Health and Safety Code Requirements for a Salad Bar or Buffet and How to Prevent Food Poisoning

Except for high-end establishments, almost all types of restaurants these days have some type of self-service customer buffet or salad bar that serves ready-to-eat food. Even El Pollo Loco and other Mexican-style restaurants allow you to choose and fill up on a variety of sauces. Asian-style all-you-can-eat restaurants are another big one and many are popping up in most major cities. Then there are, of course, the restaurants that focus entirely on buffets and salad bars.

The health and safety laws governing these displays have been developed over the years to address the uniqueness of this type of setup and some of the unique dangers or risks to consumers. Below are most of those requirements, as well as my own recommendations from years of experience inspecting restaurant buffets and salad bars:

– An obvious requirement is that all open and exposed ready-to-eat foods must be shielded to block a direct line between the customer’s mouth and the exposed foods. This shield is generally known as a sneeze guard for larger food displays and is generally made of glass or clear plastic, angled over the food just enough to block possible contamination from the customer’s mouth (saliva from sneezing, coughing, talking, etc.). The shield can also take the form of a container with a tightly attached lid, usually hinged. If there is no evidence of a shield or cap, the screen is most likely unapproved and should be avoided.

– A separate utensil with a handle is required for each food displayed for self-service. No customer may touch exposed food with their hands.

– Clean plates and other dishes should be in or next to the buffet or salad bar and customers should be reminded, or notified if necessary, that only clean dishes should be used when returning to the buffet.

– Proper temperatures must be maintained. The food is usually displayed on ice (and must actually be buried in ice), or the containers are placed in a chilled or warmer unit, or the food is under a warming lamp. Look for steam coming from the heater or steam table and even from the food itself. Don’t rely on a chafing dish for long-term (more than 2 hours) food retention. Typically you will only see rubbed dishes in a temporary buffet setting. They are large shallow metal plates with one or two canned gas flames underneath, which attempt to keep food warm. They may be good for only short periods of time, and they are not trusted or definitely not approved for a more permanent buffet setting. Heat lamps often fall into this same category. They are also not the best means of keeping holding temperatures warm for a long period of time.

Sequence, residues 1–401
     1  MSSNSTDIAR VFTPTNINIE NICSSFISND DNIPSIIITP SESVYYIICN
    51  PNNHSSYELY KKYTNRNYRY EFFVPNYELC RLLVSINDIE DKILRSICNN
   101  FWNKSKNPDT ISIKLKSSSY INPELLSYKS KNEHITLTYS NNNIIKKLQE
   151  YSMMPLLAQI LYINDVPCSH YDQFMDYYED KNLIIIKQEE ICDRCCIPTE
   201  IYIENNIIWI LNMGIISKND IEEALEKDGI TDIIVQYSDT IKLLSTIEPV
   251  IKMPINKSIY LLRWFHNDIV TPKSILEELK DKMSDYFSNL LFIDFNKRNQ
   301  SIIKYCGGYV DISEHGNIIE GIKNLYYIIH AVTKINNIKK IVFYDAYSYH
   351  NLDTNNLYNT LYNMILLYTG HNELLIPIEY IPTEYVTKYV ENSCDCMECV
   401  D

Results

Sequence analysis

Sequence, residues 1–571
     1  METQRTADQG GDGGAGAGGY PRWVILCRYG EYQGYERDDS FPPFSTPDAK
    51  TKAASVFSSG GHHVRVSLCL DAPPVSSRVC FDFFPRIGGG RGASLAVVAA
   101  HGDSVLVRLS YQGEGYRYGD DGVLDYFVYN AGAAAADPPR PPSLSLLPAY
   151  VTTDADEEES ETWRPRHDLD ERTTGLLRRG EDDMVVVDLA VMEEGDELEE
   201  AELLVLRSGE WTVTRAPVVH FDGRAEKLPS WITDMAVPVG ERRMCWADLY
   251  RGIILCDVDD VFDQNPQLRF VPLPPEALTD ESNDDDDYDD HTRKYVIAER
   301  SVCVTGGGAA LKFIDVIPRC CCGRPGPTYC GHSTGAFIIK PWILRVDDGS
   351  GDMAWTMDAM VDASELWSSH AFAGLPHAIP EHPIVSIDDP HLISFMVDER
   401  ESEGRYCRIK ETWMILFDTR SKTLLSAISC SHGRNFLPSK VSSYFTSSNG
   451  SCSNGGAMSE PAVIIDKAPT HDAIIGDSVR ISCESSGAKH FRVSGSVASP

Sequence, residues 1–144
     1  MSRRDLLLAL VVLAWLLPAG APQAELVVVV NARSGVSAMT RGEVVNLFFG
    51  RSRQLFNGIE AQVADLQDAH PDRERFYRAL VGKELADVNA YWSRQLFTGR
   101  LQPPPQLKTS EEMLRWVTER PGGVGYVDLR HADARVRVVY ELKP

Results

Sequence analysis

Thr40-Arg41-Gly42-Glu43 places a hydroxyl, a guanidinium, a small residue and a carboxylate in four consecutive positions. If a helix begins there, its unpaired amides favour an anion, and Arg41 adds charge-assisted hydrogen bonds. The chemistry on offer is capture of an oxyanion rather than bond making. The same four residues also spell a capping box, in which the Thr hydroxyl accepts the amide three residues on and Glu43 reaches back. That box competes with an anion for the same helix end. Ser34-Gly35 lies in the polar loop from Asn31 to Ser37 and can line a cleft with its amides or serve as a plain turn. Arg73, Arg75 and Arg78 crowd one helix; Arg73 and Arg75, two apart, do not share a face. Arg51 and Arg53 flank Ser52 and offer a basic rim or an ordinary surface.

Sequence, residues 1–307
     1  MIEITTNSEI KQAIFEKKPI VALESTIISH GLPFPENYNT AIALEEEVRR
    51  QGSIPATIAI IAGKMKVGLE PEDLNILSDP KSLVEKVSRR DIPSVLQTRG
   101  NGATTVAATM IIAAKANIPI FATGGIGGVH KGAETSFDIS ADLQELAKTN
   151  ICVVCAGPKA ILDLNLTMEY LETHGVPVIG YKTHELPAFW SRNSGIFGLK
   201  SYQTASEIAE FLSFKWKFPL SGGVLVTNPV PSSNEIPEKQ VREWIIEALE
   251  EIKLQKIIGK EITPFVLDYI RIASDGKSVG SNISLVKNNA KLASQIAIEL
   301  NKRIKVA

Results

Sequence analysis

– Employees must constantly monitor and maintain the buffet or salad bar. They have to do everything from replenishing it to cleaning it to checking temperatures frequently.

– No sulphites or sulfating agents. Sulfites used to be a common preservative agent, especially in fruits, maintaining a fresh appearance. Most, if not all, states prohibit any food facility from applying sulfating agents to fresh fruits and vegetables intended for raw consumption, or to any potentially dangerous food. Sulfites are still allowed in fruits and vegetables that are not sold raw, such as dried fruits and grapes used for wine.

– Absolutely no flies or other types of vermin (cockroaches, rodents). Contrary to what you may have heard, there is not an acceptable number of parasites allowed in a food establishment. Vermin are strictly illegal in all areas of the establishment. They harbor and can transmit dangerous microorganisms as well as general dirt to your food and should not be tolerated.

– There is no leakage or accumulation of sewage in the floor area, either from melting ice or the cooling or heating unit.

– Most foods should have a label that identifies the common name of the food, sauce, dressing, condiments, etc.

Knowing the requirements and potential dangers of a buffet or salad bar is just good consumer awareness and can give you the edge in preventing a serious foodborne illness.